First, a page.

Assessing the long-term representativeness of short wind records
Karsten Shein, NOAA/NESDIS/NCDC, Asheville, NC
Like most meteorological variables, wind speeds at a location may exhibit substantial interannual variability and may also be biased by observational inhomogeneities. Unfortunately, such variability and observational bias is all too often overlooked when utilizing short-term wind records for long-term planning purposes (e.g., dispersion modeling, wind energy, or structure loading). This paper addresses the statistical evaluation of time series and probability distributions from short wind records relative to long-term series. Specifically, this research focuses on evaluating post-1992 Automated Surface Observing System wind records relative to observations from pre-1992 NWS First Order stations using two data sets archived at the National Oceanic and Atmospheric Administration's National Climatic Data Center. Special attention is given to the differences in observational procedures between the two.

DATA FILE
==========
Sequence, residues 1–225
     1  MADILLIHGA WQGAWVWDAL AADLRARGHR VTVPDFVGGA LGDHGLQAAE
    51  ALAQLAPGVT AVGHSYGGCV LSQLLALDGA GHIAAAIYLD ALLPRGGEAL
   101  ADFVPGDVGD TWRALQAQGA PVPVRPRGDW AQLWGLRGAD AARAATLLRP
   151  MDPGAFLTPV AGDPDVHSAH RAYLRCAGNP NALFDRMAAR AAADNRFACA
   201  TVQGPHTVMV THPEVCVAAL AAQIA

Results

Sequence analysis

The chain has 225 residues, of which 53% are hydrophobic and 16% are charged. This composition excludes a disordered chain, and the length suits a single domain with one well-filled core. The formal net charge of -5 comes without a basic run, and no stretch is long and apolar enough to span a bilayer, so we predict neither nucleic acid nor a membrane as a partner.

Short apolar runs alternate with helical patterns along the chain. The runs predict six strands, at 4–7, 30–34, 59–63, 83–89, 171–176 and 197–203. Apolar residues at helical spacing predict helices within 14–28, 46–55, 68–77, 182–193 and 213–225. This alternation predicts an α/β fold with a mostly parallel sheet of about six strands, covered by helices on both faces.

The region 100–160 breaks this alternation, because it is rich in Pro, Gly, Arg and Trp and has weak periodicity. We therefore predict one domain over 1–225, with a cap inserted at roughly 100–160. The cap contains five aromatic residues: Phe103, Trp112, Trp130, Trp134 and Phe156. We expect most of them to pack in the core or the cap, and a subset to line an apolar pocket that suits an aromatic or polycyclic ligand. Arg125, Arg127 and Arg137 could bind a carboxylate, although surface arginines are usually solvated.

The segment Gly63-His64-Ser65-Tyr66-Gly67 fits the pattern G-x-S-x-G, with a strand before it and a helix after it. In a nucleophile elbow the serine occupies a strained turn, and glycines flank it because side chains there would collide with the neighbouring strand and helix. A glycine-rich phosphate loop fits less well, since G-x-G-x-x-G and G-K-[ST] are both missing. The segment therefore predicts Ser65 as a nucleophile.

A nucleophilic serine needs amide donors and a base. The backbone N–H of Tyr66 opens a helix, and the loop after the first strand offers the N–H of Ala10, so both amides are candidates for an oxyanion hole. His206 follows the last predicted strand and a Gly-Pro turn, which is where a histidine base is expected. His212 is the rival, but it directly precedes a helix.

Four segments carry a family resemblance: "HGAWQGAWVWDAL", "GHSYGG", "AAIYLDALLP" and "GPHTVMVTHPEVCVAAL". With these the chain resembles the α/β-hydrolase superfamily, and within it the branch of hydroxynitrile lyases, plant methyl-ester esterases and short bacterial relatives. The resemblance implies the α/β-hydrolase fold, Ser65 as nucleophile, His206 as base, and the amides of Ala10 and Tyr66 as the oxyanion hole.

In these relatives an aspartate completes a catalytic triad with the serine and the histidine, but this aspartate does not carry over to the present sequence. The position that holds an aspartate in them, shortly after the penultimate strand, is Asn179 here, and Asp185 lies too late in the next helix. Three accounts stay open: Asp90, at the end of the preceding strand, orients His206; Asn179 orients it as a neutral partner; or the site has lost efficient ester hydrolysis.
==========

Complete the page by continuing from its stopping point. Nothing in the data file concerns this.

Extended Abstract (236K)
Session 9, Statistical Climatology
Thursday, 2 February 2006, 8:45 AM-12:30 PM, A304
Browse or search entire meeting
AMS Home Page